Archives

Ding, dong. Ding, dong.

silverbellsI can’t hold off any longer. One of my personal favorite songs of Christmas is Carol of the Bells. There is something powerful yet simplistic about the music. Although it has lyrics, even without them, this piece is moving in both a literal and figurative sense. It makes you wish you had musical talent and the ability to conduct a full orchestra even though it was originally intended to be sung without accompaniment.

In the early 1900’s, Russian composer Mykola Leontovych created the music for the Carol of the Bells, and Peter Wilhousky added the lyrics based on a traditional Ukrainian folk chant. It’s the repetition of the familiar four-note motif (ostinato motif) that creates the melodic consistency, which serves to imbed it in your mind.  Listen to the instrumental version to see if you don’t agree.

When you listen to the Carol of the Bells sung, it is often difficult to pick up on the words because of the tempo and high soprano voices. Yet the refrain of “Merry, merry, merry Christmas” is easily discernible and a message anyone could embrace. In written form, however, you could see a deeper, more meaningful message, one that is also simplistic yet formidable. (See below)

The lyrics capture the essence of bells ringing out an announcement of great import. Like the melody, the words bring impact because of their consistency and inclusivity. The message is for everyone – young and old, those meek and bold – much like the Gospel itself.  The true point of Christmas affirms Jesus is here, God is with us. He came bringing good cheer (good news) bears the same tidings of the angels on that first Christmas. The refrain of “Merry, merry, merry Christmas” mirrors that of the excited shepherds who couldn’t wait to visit the babe in the manger and share with everyone what they saw. The message does not change. It continues and the bells pound it out far and wide so that everyone has opportunity to respond, just as we do today.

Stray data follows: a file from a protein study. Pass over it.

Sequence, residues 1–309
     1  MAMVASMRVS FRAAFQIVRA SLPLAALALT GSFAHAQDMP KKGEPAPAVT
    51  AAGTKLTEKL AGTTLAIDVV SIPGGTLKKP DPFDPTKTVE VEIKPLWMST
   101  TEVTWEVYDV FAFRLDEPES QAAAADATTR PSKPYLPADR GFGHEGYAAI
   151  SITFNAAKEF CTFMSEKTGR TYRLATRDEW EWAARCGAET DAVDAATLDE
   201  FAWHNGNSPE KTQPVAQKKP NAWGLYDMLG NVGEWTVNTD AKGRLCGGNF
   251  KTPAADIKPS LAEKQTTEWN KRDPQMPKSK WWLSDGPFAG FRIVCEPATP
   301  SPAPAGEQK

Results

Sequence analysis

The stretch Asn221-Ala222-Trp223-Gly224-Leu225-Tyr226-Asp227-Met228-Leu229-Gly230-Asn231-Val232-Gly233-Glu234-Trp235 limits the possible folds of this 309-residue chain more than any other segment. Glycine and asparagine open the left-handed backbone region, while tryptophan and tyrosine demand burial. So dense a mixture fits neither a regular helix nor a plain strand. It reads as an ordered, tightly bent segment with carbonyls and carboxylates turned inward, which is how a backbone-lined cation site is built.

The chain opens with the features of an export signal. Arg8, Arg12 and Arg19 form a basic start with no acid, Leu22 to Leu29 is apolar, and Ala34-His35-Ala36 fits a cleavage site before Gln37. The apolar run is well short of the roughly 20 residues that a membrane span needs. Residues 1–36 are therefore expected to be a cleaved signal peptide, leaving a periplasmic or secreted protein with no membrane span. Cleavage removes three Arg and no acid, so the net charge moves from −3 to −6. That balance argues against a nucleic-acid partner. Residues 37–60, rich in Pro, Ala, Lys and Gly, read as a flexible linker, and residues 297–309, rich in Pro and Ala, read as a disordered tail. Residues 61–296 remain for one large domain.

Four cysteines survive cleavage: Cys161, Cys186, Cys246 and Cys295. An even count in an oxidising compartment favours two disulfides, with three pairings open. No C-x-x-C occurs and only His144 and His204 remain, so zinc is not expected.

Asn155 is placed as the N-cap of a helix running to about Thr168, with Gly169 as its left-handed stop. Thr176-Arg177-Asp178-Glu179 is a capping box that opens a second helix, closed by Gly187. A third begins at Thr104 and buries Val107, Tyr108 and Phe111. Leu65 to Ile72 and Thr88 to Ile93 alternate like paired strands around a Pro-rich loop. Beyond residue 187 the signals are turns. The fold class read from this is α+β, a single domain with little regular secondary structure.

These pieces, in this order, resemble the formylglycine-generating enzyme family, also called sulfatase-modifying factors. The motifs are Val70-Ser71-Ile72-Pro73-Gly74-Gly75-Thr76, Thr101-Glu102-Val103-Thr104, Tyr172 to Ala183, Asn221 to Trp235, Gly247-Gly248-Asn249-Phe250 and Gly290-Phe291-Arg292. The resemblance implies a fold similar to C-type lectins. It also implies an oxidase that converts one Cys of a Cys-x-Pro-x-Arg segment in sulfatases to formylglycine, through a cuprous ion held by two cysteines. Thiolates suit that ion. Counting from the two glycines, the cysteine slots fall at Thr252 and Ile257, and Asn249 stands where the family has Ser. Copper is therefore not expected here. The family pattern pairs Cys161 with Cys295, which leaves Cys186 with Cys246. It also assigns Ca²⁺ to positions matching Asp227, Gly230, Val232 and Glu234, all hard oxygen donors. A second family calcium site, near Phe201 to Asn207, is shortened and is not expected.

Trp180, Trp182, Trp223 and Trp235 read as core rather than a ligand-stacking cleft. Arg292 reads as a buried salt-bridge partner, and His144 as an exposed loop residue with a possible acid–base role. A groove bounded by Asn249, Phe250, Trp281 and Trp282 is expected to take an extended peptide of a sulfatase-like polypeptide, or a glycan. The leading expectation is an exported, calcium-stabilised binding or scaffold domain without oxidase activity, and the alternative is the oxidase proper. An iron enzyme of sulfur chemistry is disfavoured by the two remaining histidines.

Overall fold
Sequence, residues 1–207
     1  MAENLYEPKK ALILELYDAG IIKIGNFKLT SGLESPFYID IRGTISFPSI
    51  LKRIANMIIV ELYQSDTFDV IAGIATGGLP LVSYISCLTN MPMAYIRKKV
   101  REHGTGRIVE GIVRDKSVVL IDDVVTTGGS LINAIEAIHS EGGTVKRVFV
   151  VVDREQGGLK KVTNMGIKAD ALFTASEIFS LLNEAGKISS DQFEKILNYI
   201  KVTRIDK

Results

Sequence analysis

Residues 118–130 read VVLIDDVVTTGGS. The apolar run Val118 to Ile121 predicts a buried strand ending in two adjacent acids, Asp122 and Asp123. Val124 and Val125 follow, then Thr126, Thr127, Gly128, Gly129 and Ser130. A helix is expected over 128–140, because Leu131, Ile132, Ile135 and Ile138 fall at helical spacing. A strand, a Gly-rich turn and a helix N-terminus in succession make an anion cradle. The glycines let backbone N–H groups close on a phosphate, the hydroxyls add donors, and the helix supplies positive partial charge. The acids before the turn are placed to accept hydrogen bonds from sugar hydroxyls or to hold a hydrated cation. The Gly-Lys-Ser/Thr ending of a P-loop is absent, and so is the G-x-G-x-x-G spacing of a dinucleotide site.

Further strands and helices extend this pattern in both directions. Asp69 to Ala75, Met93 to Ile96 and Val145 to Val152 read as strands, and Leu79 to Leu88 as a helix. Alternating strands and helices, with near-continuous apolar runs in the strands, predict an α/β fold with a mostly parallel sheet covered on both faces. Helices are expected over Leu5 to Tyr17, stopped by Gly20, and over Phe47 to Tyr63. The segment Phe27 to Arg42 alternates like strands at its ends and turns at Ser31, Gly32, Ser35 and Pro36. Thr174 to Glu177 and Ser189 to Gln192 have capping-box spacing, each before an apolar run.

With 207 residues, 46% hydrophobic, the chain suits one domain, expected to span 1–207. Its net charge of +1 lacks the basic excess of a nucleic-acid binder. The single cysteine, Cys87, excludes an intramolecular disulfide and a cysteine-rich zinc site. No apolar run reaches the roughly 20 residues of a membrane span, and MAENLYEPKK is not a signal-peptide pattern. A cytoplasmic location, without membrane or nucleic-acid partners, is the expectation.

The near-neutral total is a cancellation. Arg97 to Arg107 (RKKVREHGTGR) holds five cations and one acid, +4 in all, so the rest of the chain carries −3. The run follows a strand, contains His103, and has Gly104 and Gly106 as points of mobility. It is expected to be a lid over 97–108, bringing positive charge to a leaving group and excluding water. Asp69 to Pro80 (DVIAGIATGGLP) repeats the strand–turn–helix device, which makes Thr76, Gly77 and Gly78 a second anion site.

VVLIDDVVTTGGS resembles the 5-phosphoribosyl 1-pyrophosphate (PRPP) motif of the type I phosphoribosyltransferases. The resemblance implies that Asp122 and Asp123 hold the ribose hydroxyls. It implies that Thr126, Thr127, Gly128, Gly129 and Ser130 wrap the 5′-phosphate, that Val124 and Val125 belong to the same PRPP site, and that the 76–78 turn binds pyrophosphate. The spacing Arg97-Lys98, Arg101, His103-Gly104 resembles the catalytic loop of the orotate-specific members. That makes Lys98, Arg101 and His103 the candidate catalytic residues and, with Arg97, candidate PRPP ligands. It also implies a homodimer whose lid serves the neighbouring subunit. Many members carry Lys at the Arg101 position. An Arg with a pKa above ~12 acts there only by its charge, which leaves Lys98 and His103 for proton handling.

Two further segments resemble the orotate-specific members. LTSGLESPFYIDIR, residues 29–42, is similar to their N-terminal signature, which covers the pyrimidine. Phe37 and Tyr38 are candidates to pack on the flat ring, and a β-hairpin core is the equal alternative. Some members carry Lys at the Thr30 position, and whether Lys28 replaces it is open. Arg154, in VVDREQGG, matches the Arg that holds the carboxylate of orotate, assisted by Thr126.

Ok, so now that I’ve thought a little more about the song’s lyrics, I like that version, too.

Carol Of The Bells

Hark! how the bells
Sweet silver bells
All seem to say,
“Throw cares away.”
Christmas is here
Bringing good cheer
To young and old
Meek and the bold

Ding, dong, ding, dong
That is their song
With joyful ring
All caroling
One seems to hear
Words of good cheer
From ev’rywhere
Filling the air

Oh how they pound,
Raising the sound,
O’er hill and dale,
Telling their tale,
Gaily they ring
While people sing
Songs of good cheer
Christmas is here
Merry, merry, merry, merry Christmas
Merry, merry, merry, merry Christmas

On, on they send
On without end
Their joyful tone
To ev’ry home

Ding, dong, ding, dong.

Advertisements

We Need a Little Christmas

christmas-notesWho would have thought that Jerry Herman’s 1966 score, We Need a Little Christmas, from the Broadway musical Mame would hold such relevance in the Christmas 2012 season?

The flamboyant flapper, Auntie Mame – tasked with rearing her orphaned nephew during the dark days of the Great Depression – wondered if things could get any worse. First performed by Angela Lansbury, Auntie Mame demonstrated a vibrant wit and characteristic style. She determines that the situation required a measure of jollity that could only come from Christmas. Although the calendar revealed that it was a week before Thanksgiving – not Halloween as we see today – she overcame this challenge by moving up the celebration  – decking the halls with holly, putting up the tree in the parlor, hanging the stockings and asking Santa to come early.

The lyrics speak of a spirit of hope, though certainly based on the trappings of the season rather that which could provide a true solution. Nevertheless, if you think about it in a symbolic sense, you can gain a measure of substance beyond that which makes you merely feel good.

Auntie Mame demonstrated her positive perspective that the present circumstances were limited and that things would get better. Although her focus was on a symbol rather than the Person from whom all blessings come, she dispelled the negativity of the tragic circumstances that surrounded her by changing her perspective.

I’m not sure what your situation is today, but if the 6 o’clock news holds any validity, heartache and tragedy abound. The economy is not better. Many people are without meaningful work. Doctor’s offices are crammed. It could get you down if you did not look to the babe in the manger – the true “Little Christmas.”

Click here to listen to a more mature Angela Lansbury perform this song.

Who knew?

Mary kissing baby jesus, dark-hairedDid Mary know?